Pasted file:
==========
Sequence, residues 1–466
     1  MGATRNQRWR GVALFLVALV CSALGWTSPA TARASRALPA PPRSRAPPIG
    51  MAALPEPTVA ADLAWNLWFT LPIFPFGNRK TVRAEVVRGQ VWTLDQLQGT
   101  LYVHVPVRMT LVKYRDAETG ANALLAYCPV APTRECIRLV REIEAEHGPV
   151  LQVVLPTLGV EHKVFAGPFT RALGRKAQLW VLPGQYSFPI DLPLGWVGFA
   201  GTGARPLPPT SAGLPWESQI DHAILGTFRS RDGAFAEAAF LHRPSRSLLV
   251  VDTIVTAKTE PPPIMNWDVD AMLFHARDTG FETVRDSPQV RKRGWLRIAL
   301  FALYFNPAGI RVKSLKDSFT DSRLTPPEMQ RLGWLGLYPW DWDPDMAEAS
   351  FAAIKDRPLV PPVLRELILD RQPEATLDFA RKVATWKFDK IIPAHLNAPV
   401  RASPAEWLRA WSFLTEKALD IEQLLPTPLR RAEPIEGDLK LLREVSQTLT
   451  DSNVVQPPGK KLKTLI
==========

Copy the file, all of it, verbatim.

Sequence, residues 1–466
     1  MGATRNQRWR GVALFLVALV CSALGWTSPA TARASRALPA PPRSRAPPIG
    51  MAALPEPTVA ADLAWNLWFT LPIFPFGNRK TVRAEVVRGQ VWTLDQLQGT
   101  LYVHVPVRMT LVKYRDAETG ANALLAYCPV APTRECIRLV REIEAEHGPV
   151  LQVVLPTLGV EHKVFAGPFT RALGRKAQLW VLPGQYSFPI DLPLGWVGFA
   201  GTGARPLPPT SAGLPWESQI DHAILGTFRS RDGAFAEAAF LHRPSRSLLV
   251  VDTIVTAKTE PPPIMNWDVD AMLFHARDTG FETVRDSPQV RKRGWLRIAL
   301  FALYFNPAGI RVKSLKDSFT DSRLTPPEMQ RLGWLGLYPW DWDPDMAEAS
   351  FAAIKDRPLV PPVLRELILD RQPEATLDFA RKVATWKFDK IIPAHLNAPV
   401  RASPAEWLRA WSFLTEKALD IEQLLPTPLR RAEPIEGDLK LLREVSQTLT
   451  DSNVVQPPGK KLKTLI